Biomimicry
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Biomimicry
Nature inspired innovation
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Intelligent Biocides and ‘Air Lubrication’: Biomimicry in the Shipping Industry

Intelligent Biocides and ‘Air Lubrication’: Biomimicry in the Shipping Industry | Biomimicry | Scoop.it

"From a whale shark keeping unwanted freeloaders off its skin to water droplets rolling off a duck’s feathers, nature has many ingenious ways of keeping surfaces clean. The science of biomimicry, or biomimetics, seeks to harness nature’s cleverest capabilities which have taken aeons to evolve. Scientists at AkzoNobel, a global paints and coatings company, are using principles derived from nature to develop coatings that protect surfaces such as the hulls of cargo ships. And other heavy industries such as rail are experimenting with biomimicry."

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Biomimetics in Shaving

Biomimetics in Shaving | Biomimicry | Scoop.it

"Based on friction tests of surfaces mimicking the textures evolved on frog, cricket and salamander feet, Technion scientists innovate a way to significantly improve the shaving process. Technion scientists discovered a way to significantly improve shaving process, following friction tests of surfaces mimicking the textures evolved on frog, cricket and salamander feet."

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Waterproof Surface is 'Driest Ever'

Waterproof Surface is 'Driest Ever' | Biomimicry | Scoop.it

"US engineers have created the "most waterproof material ever" - inspired by nasturtium leaves and butterfly wings. The new "super-hydrophobic" surface could keep clothes dry and stop aircraft engines icing over, they say."

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Controlling Wettability: 'Sticky tape' for Water Droplets Mimics Rose Petal

Controlling Wettability: 'Sticky tape' for Water Droplets Mimics Rose Petal | Biomimicry | Scoop.it

A new nanostructured material may lead to surfaces that stay dry forever, never need cleaning and are able to repel bacteria and even prevent mold and fungi growth. "The newly discovered material uses raspberry particles -- so-called because of their appearance -- which can trap tiny water droplets and prevent them from rolling off surfaces, even when that surface is turned upside down," said Dr Andrew Telford from the University's School of Chemistry and lead author of the research recently published in the journal, Chemistry of Materials. The raspberry particles mimic the surface structure of some rose petals.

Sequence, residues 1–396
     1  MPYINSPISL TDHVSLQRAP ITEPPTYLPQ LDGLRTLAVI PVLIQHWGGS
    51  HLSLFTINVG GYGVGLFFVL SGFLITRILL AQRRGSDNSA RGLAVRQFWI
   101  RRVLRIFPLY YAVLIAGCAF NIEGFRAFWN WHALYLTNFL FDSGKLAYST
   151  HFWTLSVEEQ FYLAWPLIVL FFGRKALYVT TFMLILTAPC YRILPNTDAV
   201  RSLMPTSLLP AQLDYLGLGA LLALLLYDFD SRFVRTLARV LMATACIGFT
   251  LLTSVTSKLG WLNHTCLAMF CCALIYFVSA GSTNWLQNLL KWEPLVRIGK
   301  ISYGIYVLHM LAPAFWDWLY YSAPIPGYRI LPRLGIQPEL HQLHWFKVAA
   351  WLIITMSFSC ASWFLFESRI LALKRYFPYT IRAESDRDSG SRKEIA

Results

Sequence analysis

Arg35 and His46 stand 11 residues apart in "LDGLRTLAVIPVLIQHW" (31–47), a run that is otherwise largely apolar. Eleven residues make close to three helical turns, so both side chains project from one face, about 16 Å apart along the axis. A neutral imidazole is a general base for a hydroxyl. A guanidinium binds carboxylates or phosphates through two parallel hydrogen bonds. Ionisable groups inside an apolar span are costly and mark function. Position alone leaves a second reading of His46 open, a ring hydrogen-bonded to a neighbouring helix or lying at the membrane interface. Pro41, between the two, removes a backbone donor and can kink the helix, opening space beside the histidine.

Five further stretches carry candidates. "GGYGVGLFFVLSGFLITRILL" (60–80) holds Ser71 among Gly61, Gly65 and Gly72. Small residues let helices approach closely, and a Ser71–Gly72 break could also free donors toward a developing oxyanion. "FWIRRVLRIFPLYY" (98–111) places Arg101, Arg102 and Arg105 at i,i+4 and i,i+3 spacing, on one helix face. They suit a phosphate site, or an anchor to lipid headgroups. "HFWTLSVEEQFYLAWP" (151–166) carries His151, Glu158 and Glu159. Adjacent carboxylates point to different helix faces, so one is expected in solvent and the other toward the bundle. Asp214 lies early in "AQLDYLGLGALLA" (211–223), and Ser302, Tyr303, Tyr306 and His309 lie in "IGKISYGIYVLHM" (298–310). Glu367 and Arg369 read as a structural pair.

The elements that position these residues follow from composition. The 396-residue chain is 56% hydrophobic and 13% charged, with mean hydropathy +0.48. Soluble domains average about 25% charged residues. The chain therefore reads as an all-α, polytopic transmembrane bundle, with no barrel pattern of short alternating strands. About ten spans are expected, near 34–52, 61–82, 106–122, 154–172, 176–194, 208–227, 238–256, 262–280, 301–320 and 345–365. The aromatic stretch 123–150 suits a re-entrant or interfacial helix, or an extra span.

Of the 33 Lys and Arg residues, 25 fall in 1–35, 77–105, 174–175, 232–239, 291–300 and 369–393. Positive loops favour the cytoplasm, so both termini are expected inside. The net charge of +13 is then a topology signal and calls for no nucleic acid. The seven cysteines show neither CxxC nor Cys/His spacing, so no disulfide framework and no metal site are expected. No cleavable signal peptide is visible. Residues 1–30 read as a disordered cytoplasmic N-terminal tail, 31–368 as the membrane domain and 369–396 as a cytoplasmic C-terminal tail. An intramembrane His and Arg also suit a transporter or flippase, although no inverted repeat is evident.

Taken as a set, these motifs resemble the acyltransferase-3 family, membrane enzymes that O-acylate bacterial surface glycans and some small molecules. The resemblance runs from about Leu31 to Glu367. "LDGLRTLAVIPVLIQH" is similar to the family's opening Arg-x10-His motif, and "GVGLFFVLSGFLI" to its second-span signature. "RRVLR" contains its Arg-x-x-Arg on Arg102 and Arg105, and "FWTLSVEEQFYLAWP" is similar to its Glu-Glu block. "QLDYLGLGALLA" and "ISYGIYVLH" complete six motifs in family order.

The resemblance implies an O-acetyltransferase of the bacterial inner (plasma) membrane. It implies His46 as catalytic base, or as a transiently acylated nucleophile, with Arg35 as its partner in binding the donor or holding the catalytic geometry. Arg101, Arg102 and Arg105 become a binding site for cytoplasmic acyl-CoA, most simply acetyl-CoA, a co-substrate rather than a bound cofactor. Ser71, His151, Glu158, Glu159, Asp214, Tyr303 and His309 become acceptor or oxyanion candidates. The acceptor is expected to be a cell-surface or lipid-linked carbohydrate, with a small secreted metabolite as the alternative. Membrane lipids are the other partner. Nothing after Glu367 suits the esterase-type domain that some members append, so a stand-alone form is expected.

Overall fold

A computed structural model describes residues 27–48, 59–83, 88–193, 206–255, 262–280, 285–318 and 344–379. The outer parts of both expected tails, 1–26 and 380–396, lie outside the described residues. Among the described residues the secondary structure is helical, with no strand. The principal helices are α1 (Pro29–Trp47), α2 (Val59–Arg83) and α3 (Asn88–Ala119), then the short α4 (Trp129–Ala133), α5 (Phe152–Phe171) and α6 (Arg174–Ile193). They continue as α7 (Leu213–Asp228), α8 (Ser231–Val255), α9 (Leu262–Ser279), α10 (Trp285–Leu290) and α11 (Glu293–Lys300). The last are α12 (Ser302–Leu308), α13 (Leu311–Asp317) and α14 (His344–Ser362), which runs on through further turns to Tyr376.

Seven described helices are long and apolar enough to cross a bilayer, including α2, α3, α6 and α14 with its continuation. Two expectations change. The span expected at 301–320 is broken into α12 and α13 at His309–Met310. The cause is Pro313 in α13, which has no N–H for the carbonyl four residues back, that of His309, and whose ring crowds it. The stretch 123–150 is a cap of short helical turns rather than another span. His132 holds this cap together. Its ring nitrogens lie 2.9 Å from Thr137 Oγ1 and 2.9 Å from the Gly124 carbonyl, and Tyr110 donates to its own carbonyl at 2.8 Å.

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Joanna Aizenberg - Extreme Biomimetics

Joanna Aizenberg displays fascinating processes in nature, and shares with us how we can mimic these processes to improve our daily lives..

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Nature Inspires a New Multifunctional Glass Surface

Nature Inspires a New Multifunctional Glass Surface | Biomimicry | Scoop.it
Inspired by nature, a group of researchers from MIT developed a glass that is self-cleaning, virtually eliminates reflections, and resists fogging and glare...
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Characterization of the Topography and Wettability of English Weed Leaves and Biomimetic Replicas

Characterization of the Topography and Wettability of English Weed Leaves and Biomimetic Replicas | Biomimicry | Scoop.it